Trivia from my lodger: she counted 37 names signed onto the list of people handing out OBRwG flyers.  Not all of them worked the whole stint from 11 'til Last Call, but that's well more than a dozen.  I counted at least 22 people between 11:30 pm and 12:00 am, and I didn't get to every place where flyers were being handed out.

Comment by Roberta Ecks on November 27, 2011 at 9:40am

I can't agree with that; you assume a motive (and a degree of cleverness, search-engine optimization being something marketing companies but a lot of effort into but individual bloggers cannot) that just isn't there.  Nobody writing about "gun bans," pro or con, is doing so to overwhelm your search; they're expressing themselves.  This is the Internet, it's a level field; there's no shouting-down -- and no shutting off debate by yelling "Mike Check." It is parallel democracy, not serial: there's no queue at all!

 

     At 11:00 p.m., when the OCBRWG event started, the Village was pretty busy.  I saw one "no guns" sign at a bar and The Vogue was continuing their usual weekend practice of wanding people (and they had a long line).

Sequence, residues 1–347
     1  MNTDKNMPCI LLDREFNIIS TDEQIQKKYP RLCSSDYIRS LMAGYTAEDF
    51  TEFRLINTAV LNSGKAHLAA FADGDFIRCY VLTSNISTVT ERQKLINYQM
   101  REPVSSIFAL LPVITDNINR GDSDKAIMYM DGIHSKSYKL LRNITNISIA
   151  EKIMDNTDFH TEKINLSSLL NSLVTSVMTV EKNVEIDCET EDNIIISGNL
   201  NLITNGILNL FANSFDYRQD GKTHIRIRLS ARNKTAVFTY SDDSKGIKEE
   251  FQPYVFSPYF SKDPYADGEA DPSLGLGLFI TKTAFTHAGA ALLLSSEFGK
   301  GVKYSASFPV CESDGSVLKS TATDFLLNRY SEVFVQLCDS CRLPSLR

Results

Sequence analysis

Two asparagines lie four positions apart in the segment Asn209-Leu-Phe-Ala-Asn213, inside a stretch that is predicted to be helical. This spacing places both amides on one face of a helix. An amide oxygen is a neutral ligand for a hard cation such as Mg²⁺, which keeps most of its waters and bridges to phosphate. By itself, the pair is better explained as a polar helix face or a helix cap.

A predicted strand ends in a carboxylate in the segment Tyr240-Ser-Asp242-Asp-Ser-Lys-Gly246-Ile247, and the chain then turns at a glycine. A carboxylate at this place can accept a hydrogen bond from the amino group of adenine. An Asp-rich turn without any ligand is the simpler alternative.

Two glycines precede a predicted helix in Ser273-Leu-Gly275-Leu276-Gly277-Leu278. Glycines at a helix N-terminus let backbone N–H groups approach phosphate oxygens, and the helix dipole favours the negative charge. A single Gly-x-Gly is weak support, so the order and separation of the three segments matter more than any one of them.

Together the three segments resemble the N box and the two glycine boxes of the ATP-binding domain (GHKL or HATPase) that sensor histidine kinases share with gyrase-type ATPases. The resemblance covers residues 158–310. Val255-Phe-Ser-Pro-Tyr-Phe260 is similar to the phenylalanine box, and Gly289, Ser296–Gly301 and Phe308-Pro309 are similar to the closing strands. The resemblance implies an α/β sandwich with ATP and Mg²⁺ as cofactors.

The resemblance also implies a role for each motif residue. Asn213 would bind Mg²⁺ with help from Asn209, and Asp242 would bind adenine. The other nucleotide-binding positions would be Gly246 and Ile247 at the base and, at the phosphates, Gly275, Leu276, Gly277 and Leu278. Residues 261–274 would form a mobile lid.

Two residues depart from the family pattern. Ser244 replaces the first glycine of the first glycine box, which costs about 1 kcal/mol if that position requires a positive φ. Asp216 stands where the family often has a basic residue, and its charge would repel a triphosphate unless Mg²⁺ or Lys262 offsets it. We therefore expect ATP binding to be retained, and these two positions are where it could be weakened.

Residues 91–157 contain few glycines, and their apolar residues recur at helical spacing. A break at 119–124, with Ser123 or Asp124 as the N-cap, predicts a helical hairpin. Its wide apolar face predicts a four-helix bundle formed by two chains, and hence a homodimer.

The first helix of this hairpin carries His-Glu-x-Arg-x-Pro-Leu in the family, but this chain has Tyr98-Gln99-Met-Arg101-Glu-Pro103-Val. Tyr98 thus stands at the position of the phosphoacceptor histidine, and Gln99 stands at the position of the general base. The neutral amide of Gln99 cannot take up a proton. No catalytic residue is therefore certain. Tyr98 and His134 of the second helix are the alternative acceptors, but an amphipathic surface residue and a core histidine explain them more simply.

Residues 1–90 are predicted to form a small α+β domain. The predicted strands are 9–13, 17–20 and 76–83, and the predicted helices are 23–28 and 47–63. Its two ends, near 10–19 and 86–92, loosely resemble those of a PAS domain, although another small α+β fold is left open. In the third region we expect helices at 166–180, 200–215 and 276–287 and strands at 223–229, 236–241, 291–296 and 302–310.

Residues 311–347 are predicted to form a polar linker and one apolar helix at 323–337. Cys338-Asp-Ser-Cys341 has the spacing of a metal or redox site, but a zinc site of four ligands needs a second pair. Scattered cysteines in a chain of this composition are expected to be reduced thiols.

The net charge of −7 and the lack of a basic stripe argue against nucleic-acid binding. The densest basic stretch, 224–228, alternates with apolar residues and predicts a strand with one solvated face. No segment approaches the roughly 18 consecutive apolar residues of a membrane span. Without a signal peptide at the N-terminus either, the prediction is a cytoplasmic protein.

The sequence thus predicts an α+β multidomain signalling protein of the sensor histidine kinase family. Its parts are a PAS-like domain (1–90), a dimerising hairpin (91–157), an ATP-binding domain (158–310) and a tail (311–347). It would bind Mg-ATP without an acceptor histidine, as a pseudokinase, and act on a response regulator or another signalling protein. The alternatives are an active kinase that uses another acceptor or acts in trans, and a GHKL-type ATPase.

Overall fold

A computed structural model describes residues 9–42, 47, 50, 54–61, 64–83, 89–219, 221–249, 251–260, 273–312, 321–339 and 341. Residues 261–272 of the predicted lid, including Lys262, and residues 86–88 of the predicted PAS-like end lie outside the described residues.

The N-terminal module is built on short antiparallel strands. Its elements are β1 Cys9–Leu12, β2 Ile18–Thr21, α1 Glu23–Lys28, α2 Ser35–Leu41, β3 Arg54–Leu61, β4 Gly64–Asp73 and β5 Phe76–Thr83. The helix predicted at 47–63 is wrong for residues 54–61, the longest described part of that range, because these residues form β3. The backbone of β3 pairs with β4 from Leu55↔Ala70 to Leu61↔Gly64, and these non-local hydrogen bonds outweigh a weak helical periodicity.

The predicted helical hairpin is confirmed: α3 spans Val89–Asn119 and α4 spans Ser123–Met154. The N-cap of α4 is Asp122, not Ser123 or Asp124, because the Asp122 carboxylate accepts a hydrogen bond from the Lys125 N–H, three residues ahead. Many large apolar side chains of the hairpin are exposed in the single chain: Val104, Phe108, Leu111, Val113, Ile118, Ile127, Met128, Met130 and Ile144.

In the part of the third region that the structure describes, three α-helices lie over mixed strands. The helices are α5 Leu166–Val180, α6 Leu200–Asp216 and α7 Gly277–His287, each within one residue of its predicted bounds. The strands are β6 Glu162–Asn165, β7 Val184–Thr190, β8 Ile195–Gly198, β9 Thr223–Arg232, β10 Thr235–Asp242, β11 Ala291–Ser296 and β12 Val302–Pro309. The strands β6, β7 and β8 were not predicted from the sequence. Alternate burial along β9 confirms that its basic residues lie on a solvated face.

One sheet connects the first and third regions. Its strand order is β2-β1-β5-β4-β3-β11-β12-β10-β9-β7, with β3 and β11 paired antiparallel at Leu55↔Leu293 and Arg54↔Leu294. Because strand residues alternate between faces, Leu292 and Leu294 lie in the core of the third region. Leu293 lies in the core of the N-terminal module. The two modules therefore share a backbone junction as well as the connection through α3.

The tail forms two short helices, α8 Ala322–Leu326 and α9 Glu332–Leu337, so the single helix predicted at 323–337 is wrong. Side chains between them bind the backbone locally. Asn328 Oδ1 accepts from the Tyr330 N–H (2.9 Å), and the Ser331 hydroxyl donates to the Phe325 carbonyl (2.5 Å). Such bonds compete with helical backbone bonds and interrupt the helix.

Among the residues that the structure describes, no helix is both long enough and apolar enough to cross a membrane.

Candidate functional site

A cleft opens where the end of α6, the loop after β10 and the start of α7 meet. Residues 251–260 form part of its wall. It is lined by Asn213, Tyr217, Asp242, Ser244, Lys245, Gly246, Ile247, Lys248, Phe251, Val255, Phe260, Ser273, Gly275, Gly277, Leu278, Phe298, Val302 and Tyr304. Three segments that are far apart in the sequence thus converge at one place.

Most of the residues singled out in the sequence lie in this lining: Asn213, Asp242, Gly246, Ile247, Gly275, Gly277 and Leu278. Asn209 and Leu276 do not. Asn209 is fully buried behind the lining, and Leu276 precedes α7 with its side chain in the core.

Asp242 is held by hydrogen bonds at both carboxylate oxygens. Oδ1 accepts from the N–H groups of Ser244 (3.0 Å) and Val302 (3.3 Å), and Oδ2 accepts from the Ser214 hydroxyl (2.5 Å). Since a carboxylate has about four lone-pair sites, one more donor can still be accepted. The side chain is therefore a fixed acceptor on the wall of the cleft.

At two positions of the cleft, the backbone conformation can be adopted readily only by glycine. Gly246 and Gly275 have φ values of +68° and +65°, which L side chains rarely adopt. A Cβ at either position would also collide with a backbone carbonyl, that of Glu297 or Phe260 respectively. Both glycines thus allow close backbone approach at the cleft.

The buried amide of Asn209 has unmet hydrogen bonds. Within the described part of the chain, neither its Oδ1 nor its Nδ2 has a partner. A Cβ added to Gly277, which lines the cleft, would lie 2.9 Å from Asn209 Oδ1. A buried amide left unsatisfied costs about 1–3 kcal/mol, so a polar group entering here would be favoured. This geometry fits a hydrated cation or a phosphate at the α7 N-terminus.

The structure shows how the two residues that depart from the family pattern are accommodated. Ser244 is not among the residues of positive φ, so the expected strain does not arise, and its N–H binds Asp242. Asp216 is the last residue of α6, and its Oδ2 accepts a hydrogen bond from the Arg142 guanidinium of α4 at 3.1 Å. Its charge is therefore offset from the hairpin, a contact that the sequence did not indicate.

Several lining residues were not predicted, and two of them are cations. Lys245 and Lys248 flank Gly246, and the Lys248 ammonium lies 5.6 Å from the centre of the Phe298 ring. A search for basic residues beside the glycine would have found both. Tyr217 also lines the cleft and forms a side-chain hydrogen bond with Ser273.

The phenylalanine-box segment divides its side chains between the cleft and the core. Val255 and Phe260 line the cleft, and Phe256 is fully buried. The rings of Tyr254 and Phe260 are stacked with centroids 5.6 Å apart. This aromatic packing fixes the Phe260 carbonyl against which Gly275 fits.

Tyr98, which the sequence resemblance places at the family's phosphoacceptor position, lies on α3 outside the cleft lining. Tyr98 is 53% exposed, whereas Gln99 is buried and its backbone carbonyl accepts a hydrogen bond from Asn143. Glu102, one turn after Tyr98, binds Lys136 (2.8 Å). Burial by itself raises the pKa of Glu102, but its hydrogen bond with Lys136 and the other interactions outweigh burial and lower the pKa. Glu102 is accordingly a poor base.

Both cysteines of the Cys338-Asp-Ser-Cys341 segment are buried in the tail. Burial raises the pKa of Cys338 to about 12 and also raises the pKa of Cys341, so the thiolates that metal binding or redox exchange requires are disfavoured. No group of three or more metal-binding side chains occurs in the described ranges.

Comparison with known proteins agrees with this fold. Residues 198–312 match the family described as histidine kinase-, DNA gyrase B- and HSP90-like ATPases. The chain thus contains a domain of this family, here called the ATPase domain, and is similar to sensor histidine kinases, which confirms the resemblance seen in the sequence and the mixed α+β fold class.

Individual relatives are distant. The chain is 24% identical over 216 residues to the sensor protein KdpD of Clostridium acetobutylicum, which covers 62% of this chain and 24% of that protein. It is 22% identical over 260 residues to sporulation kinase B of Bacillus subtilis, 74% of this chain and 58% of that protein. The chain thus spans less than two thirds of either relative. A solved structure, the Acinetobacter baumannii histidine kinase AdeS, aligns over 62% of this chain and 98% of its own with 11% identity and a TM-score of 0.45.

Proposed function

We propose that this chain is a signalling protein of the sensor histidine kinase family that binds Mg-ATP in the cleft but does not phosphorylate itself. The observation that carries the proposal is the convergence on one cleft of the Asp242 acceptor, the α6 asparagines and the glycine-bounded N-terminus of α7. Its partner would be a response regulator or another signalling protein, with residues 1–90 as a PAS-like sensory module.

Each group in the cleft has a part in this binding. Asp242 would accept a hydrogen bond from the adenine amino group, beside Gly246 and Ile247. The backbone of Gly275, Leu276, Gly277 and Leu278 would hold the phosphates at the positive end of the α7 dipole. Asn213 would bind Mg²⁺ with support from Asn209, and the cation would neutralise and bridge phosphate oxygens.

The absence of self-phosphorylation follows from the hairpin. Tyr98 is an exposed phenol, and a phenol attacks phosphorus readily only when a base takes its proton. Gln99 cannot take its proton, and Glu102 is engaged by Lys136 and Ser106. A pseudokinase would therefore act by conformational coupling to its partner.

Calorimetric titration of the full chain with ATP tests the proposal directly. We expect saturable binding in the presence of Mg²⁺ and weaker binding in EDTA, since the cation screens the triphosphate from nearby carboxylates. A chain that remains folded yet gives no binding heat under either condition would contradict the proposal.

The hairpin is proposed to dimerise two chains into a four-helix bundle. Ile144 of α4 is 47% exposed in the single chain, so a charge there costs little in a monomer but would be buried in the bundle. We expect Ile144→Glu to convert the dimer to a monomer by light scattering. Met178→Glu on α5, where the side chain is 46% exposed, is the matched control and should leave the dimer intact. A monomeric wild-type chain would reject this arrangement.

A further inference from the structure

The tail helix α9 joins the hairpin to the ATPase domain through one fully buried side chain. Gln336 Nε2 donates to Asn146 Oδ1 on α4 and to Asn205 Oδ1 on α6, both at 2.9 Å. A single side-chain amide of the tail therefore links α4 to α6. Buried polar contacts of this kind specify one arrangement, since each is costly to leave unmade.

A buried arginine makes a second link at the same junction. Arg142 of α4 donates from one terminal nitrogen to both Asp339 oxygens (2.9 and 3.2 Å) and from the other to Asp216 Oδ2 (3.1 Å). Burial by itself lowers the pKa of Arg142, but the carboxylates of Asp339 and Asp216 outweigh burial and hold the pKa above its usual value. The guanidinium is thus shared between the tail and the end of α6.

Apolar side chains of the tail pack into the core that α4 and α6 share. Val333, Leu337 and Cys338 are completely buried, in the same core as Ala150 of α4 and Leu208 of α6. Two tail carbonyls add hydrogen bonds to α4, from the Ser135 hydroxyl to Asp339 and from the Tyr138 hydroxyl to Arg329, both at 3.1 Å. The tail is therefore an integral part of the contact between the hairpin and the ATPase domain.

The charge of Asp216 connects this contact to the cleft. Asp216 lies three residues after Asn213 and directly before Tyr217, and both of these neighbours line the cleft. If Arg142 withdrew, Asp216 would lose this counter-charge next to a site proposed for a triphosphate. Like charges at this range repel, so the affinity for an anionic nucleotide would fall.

One of the things that irks me is most people assume persons expressing support for a cause  the speaker approves of are the very best kind of grassroots, but persons doing the same thing for a cause the speaker dislikes are "astroturf," fake, deliberate obstruction.  (Clumsy sentence, I hope it communicates).

     I don't belive it.  People at TEA Parties, Occupy [Placename], participants in such public actions  from the nice ladies handing out WCTU flyers door-to-door to the bandannaed window-smashers protesting at a G7 meeting are all out there of their own volition; you couldn't pay people to do most of that, certainly not as earnestly as it is done.  And it's usually got pretty weak leadership -- because you can't order people to commit that kind of shoe leather, only ask them to and hope they'll show up.

     Everyone (or maybe 99%) is real.  The causes we love, the causes we loathe, the ones that make no sense or seem moot, somebody holds 'em dear.  Darned few of those folks are out to get you or me, or make our own efforts more difficult; most of them don't even notice us.